'Select' PC Game Pass games coming to Nvidia's GeForce Now streaming

Phil Spencer, Matt Booty, Sarah Bond, and Todd Howard
(Image credit: Future)

At a press event following the Xbox showcase on Sunday, head of game partnerships Sarah Bond announced that the PC Game Pass library is soon going to be available as part of Nvidia's GeForce Now streaming service. Just a few months ago, we called GeForce Now's new ultimate tier (which streams cloud games from systems outfitted with beefy new RTX 4080s) one of the most effective and affordable ways to upgrade your gaming experience.

"In the coming months, you're going to be able to play your PC Game Pass catalog leveraging GeForce Now," Bond said. "You're going to be able to do that on all the devices where GeForce Now is: low-power PCs, or Macs, or Chromebooks."

A post on the Xbox website adds a bit of an asterisk to that quote, however, noting that "Game Pass members will soon be able to stream select PC games from the library through Nvidia GeForce Now." There's no indication of how many games "select" encompasses. The announcement expands on an Xbox-Nvidia partnership launched in May, with first-party Xbox PC games available on the streaming service.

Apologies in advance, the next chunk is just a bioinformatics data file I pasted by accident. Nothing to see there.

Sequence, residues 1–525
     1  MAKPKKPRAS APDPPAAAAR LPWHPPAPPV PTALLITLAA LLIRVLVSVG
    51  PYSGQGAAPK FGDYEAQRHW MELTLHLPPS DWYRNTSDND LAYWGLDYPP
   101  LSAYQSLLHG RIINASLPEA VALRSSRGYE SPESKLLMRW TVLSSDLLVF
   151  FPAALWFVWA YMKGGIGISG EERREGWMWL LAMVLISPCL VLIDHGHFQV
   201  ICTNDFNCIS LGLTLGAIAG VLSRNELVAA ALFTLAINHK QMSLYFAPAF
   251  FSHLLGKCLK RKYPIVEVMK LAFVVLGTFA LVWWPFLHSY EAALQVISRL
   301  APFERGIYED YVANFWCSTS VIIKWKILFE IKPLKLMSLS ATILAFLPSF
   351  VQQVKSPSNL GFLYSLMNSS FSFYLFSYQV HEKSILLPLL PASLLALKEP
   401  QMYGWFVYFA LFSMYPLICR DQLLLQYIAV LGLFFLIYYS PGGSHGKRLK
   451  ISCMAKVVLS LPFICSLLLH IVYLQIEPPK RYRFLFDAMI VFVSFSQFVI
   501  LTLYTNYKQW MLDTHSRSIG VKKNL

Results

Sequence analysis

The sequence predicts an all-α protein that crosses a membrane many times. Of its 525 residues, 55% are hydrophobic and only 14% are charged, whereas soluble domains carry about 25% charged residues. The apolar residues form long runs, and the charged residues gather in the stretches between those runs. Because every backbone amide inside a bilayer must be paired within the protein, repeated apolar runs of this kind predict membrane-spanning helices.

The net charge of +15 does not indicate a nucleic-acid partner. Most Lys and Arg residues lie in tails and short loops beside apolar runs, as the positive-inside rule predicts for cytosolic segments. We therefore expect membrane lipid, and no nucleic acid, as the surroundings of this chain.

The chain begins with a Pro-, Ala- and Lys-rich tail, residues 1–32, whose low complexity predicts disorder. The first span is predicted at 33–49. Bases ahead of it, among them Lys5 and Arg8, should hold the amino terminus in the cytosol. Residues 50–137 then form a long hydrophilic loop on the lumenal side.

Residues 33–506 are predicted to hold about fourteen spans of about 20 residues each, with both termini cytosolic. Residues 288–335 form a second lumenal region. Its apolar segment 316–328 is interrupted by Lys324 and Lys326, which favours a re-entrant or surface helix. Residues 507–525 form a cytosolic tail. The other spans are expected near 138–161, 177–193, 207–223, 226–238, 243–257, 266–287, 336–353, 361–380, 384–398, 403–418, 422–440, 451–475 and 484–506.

GeForce Now currently lets you stream a selection of games you own via your Steam library through deals Nvidia has set up with developers and publishers; before this PC Game Pass deal, it already supported some 1,500 games. There are free, $10 and $20 tiers, with the free service limited to just hour-long sessions and weaker PCs with lower fidelity streaming. The higher tiers scale up to 1080p and 4K resolutions and 60 fps and 120 fps. And RTX ON, of course.

Bond didn't say exactly when PC Game Pass and GeForce Now are tying the knot, but the Xbox post reiterates it'll start rolling out "in the months ahead."

Wes Fenlon
Senior Editor

Wes has been covering games and hardware for more than 10 years, first at tech sites like The Wirecutter and Tested before joining the PC Gamer team in 2014. Wes plays a little bit of everything, but he'll always jump at the chance to cover emulation and Japanese games.

When he's not obsessively optimizing and re-optimizing a tangle of conveyor belts in Satisfactory (it's really becoming a problem), he's probably playing a 20-year-old Final Fantasy or some opaque ASCII roguelike. With a focus on writing and editing features, he seeks out personal stories and in-depth histories from the corners of PC gaming and its niche communities. 50% pizza by volume (deep dish, to be specific).